I am fortunate that my scoliosis is fairly mild, but Dark Garden still made asymmetric pattern adjustments to this made-to-order Alexandra accommodate it. Dark Garden "Alexandra" corset | Model: Victoria Dagger | Photo © Scott Taylor

I am fortunate that my scoliosis is fairly mild, but Dark Garden still made asymmetric pattern adjustments to this made-to-order Alexandra accommodate it.
Dark Garden “Alexandra” corset | Model: Victoria Dagger | Photo © Scott Taylor

Scoliosis
Many of the clients I’ve worked with at Dark Garden are seeking corsetry to replace the back brace that gave them much-needed support in earlier years. Corsets can even be made that can aid in correcting scoliosis over time.  (Lucy has a short article on this subject.) A master corsetiere should be commissioned for a scoliosis support corset, as the degree of asymmetry can be very pronounced. Those with scoliosis often like their corsets to be particularly tight throughout, with less ease through the ribs and hips.

Hypermobile Joints
Some people have naturally loose joints, and some – notably circus performers such as contortionists – loosen and stretch their joints over time. A corset can serve as an exo-skeleton, holding the body together, provide (once again) support, and bracing it from being jarred. Dark Garden even made a pregnancy corset for a long-time custom client with hypermobile joints, who was concerned about the further impact the pregnancy could have on her joint issues. As with scoliosis, if hypermobility is a concern, you may find yourself wanting a tighter and more rigid bind to lock in your rib cage and hip joints.  A longline, high back corset would be my recommendation.

Dark Garden custom High Back Pointed Victorian corset with straps | Photo © Perry Galagher

Dark Garden custom High Back Pointed Victorian corset with straps | Photo © Perry Galagher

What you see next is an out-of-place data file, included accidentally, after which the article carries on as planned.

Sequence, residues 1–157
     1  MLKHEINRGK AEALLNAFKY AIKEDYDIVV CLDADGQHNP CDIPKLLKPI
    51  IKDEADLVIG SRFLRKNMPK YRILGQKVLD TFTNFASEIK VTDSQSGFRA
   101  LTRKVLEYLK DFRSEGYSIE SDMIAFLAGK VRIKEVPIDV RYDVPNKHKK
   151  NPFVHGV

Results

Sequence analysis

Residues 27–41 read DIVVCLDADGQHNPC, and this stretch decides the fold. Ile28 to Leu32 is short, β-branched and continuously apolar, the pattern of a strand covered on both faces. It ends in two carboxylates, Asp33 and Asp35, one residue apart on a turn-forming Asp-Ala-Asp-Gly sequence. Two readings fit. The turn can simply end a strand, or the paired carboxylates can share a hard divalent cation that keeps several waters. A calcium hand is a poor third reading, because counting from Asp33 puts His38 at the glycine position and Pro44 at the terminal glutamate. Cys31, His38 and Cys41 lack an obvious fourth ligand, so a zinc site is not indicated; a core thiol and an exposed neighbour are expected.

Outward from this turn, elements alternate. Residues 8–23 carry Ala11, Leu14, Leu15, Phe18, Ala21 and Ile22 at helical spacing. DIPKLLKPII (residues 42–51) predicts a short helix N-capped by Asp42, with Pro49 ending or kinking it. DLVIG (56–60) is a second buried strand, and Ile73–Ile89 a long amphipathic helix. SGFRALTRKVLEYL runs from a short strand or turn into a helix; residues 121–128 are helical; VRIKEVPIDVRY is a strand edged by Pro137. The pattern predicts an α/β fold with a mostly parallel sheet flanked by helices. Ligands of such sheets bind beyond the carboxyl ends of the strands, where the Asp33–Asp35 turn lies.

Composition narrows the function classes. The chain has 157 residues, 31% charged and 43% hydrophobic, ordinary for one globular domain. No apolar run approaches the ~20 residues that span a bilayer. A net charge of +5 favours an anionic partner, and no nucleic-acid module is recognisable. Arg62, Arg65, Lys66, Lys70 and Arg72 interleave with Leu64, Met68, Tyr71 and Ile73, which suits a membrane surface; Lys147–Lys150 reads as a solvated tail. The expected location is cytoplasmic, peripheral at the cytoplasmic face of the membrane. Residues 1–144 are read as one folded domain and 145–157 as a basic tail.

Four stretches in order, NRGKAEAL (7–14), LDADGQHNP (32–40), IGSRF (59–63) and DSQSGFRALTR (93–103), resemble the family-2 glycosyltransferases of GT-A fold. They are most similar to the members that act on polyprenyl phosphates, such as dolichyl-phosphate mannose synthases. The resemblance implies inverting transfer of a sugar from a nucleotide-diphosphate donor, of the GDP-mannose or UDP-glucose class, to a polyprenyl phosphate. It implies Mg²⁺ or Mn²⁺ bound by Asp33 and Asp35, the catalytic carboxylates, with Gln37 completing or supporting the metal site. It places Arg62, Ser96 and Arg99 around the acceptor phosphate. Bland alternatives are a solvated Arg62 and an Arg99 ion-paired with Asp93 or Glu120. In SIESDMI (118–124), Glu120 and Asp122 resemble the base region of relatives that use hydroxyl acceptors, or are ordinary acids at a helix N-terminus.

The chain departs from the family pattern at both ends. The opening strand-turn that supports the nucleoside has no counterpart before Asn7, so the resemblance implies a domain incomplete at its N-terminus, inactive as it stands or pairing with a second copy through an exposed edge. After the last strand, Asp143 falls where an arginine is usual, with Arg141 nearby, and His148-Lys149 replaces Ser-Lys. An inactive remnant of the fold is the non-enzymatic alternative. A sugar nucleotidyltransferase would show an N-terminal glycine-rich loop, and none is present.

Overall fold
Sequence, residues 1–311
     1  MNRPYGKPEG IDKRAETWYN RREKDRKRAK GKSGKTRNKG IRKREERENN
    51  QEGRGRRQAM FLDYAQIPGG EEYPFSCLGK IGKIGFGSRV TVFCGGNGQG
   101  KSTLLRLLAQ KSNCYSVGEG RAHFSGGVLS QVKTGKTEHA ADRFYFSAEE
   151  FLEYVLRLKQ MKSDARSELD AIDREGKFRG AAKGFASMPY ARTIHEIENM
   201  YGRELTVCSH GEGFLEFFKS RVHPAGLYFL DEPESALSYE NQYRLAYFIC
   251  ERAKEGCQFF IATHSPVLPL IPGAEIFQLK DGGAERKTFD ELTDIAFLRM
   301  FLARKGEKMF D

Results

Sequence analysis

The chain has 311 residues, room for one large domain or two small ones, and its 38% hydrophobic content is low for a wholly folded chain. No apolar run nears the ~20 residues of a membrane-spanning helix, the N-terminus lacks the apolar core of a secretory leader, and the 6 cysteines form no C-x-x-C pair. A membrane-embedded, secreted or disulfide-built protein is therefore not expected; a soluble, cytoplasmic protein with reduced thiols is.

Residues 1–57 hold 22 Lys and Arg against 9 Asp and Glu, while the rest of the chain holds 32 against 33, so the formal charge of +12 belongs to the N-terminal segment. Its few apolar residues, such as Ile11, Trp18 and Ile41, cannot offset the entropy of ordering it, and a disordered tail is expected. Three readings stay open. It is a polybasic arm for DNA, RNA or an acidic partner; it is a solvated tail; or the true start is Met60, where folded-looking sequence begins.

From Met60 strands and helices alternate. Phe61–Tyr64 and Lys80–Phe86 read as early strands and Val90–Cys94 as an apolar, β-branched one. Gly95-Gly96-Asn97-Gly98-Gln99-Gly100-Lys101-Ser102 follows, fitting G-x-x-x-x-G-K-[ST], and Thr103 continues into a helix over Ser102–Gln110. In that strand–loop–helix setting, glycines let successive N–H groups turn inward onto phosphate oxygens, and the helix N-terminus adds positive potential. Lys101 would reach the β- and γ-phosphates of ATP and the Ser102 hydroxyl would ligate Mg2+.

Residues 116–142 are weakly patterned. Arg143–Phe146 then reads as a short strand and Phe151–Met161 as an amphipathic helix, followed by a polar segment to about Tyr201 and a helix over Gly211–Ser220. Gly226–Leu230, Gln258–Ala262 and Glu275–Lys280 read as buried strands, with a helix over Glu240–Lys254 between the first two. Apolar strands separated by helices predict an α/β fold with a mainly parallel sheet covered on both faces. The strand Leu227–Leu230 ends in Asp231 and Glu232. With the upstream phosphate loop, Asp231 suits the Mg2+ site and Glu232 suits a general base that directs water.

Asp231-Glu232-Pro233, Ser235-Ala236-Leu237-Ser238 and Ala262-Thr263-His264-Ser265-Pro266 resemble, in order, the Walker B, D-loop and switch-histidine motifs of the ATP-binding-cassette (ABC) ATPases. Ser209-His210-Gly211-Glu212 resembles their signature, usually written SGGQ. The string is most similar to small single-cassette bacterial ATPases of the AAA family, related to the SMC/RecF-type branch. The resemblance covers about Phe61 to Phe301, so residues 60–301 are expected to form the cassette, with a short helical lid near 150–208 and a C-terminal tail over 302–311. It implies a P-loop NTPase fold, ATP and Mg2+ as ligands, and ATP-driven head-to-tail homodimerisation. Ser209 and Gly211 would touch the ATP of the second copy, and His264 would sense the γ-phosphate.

Osteoporosis
This is something I don’t see as often, but I worked a few times with a lovely client who turned to corsetry after being diagnosed with osteoporosis. (Joyce, we miss you, come back and visit us!)  It’s been a while since I worked with her, but basically I believe the corset served to stabilize and support her spine, and assisted with pain management. After just a few weeks in a ready-to-wear, she noticed improvement and upgraded to a fully custom piece with a high back and straps.

Diastasis Recti
Though diastasis recti is commonly associated with postpartum women, it can happen to men as well, as was the case with the gent I helped at this past weekend’s Dickens Fair workshops.  He was under medical advisement to wear a binder to help rejoin his separated abdominal muscles, but found that it had too much give; the stretch wasn’t providing enough resistance. Nine months ago he started wearing a corset day and night and he’s now noticed improvement in his condition, lost weight (also medically advised), and dropped two corset sizes from a 39 to 35. For women wearing corsets after pregnancy, the corset will help ease down the expanded rib cage as well as holding together the abdominal muscles.

Pop Antique "Minx" ribbon corset | Model: Victoria Dagger | Photo © Sparklewren

Pop Antique “Minx” ribbon corset | Model: Victoria Dagger | Photo © Sparklewren

Compression Therapy